READ the NAFB’s National Ag News for Monday, February 6th

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READ the NAFB’s National Ag News for Monday,February 6th

Trump: Change NAFTA to NAFFTA

President Donald Trump has suggested changing the acronym of the North American Free Trade Agreement when renegotiating the trade deal. Trump wants to include an extra ‘F’ in the term NAFTA. The extra “F,” he explained, would stand for “fair.” Agri-Pulse reports most U.S. farm groups like the current U.S., Canada and Mexico trade pact and do not want to see it dismantled. Trump says the current deal is “very unfair” to American workers and companies that do business in the United States. Agricultural trade between Canada, Mexico and the U.S. has skyrocketed in recent years after tariffs were reduced or eliminated under the agreement. President Trump, however, was quick to blast the current deal last week, saying he wants to see NAFTA renegotiated quickly. Mexico is a major foreign market for agricultural commodities. Meanwhile, the U.S. is a key importer of Mexican fruit, vegetables and livestock.

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GMO Labeling Bill Facing Uphill Battle

The GMO labeling bill passed by Congress last year faces an uncertain future. The National Bioengineered Food Disclosure Standard passed by Congress last year preempts a patchwork of state laws mandating labeling of food products containing genetically modified organisms. The law set a deadline for the Department of Agriculture to release rules for complying with the law by July 29th, 2018. USDA took steps toward implementing the law, and while a proposal for the rule was not expected until later this year, USDA was working to publish an Advance Notice of Proposed Rulemaking to pose questions to the public. However, the proposal was withdrawn under the new Donald Trump Administration. In addition, under a new executive order aimed at reducing regulations, USDA may need to find two other regulations to eliminate before it finalizes the rule in 2018. The American Soybean Association says it is unclear how exactly the executive order will impact the implementation of the GMO labeling law and other rules required by statute, but more direction is expected after the anticipated confirmation of Sonny Perdue as Secretary of Agriculture.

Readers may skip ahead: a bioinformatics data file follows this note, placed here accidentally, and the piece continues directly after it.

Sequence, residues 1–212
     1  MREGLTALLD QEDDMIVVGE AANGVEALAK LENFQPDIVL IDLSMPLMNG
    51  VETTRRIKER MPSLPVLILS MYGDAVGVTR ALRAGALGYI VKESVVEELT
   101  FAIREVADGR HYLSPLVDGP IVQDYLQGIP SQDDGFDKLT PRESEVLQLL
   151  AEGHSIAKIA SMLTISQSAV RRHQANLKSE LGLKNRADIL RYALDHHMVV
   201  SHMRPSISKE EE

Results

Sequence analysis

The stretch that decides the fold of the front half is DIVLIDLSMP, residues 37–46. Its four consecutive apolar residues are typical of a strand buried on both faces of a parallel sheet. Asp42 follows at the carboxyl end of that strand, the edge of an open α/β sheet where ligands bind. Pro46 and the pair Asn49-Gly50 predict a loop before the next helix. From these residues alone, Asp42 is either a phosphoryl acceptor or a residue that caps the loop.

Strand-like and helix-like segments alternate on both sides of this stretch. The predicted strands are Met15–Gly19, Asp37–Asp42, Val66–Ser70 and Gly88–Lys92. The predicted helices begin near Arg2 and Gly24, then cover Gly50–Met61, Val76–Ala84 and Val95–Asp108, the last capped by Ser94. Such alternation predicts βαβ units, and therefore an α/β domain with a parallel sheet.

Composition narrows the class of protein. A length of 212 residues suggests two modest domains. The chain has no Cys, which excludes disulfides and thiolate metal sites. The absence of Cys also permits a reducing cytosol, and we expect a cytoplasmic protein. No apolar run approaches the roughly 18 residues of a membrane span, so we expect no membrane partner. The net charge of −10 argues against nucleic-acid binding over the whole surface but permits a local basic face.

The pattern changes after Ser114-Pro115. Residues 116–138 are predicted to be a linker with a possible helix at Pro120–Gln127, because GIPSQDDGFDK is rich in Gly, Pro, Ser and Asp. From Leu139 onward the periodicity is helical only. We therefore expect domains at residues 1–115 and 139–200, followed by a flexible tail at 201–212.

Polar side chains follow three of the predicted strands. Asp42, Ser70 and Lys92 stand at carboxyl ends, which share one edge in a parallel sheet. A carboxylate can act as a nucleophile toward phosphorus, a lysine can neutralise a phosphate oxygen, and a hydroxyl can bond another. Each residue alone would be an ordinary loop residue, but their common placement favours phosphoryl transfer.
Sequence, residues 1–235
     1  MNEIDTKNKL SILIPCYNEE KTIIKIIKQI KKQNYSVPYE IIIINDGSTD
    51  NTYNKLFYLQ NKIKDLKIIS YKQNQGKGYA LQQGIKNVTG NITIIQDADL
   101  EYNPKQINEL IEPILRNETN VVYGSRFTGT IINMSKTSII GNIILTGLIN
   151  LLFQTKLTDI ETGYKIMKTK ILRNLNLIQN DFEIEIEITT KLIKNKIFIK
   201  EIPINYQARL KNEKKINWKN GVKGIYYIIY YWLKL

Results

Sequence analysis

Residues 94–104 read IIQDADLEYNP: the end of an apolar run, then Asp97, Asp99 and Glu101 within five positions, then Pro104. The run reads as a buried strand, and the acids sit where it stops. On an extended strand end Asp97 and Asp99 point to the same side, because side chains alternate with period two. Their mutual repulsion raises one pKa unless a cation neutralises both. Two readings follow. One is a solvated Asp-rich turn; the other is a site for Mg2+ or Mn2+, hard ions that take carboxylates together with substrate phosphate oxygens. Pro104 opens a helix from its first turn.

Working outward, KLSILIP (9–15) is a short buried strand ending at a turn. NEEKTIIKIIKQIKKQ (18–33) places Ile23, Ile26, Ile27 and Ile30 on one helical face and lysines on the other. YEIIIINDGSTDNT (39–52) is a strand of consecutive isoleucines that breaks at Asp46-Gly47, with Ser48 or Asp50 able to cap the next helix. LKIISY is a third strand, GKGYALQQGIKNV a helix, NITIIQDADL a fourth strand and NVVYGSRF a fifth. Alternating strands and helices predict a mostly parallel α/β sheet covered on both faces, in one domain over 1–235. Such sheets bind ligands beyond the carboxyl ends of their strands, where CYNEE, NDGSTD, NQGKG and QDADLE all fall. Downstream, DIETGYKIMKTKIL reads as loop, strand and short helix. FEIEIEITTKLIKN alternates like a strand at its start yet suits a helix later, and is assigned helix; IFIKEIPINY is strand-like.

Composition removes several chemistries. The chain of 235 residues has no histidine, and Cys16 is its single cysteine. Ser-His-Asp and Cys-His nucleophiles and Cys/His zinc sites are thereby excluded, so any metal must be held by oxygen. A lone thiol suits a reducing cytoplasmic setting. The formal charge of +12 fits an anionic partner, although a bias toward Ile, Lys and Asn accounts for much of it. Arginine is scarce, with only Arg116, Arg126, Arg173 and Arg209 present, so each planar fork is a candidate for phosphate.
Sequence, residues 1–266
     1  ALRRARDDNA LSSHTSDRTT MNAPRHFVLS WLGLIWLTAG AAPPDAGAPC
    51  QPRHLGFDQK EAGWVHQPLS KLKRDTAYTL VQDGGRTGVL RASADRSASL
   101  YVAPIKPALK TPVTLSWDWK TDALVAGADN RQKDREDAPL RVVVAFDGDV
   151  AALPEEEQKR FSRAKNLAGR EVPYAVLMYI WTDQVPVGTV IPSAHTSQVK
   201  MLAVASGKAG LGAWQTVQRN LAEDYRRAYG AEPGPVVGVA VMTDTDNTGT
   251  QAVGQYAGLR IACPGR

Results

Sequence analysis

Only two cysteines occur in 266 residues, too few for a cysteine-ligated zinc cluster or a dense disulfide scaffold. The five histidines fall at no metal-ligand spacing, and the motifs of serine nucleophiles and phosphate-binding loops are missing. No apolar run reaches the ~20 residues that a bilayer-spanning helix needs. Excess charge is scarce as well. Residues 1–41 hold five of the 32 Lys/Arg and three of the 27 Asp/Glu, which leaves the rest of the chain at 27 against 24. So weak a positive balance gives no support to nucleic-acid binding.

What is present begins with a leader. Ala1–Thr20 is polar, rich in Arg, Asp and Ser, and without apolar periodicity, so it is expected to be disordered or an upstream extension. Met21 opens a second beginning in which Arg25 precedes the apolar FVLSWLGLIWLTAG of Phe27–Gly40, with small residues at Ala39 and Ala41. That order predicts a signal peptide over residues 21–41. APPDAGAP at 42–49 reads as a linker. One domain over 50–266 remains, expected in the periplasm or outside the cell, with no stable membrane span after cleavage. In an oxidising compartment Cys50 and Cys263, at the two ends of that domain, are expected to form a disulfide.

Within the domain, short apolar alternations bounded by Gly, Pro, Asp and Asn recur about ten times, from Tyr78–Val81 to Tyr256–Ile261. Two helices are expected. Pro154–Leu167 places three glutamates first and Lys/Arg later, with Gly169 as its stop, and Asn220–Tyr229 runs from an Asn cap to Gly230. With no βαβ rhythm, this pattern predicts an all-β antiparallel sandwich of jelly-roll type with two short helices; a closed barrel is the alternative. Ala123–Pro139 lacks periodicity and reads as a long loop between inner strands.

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Farm Groups Endorse Agriculture Secretary Nominee Perdue

More than 650 agriculture organizations have endorsed President Donald Trump’s pick to lead the U.S. Department of Agriculture. In a letter to House and Senate agriculture leaders last week, 669 agricultural organizations endorsed Sonny Perdue, the nominee for Agriculture Secretary. A Trump transition team official says the letter was written on behalf of “farmers, ranchers…and all other segments of the agriculture community.” The letter urged Senate Agriculture Committee Chairman Pat Roberts, a Republican from Kansas, to hold a prompt hearing to move Sonny Perdue’s nomination to the full Senate for a vote. Highlighting Perdue’s personal and professional life in the letter, the groups agreed that he is “imminently qualified” to lead USDA. Perdue, a former Republican governor of Georgia, said he was “honored that so many organizations came together to support” his nomination. Perdue has also received the endorsement of former USDA Secretary Tom Vilsack.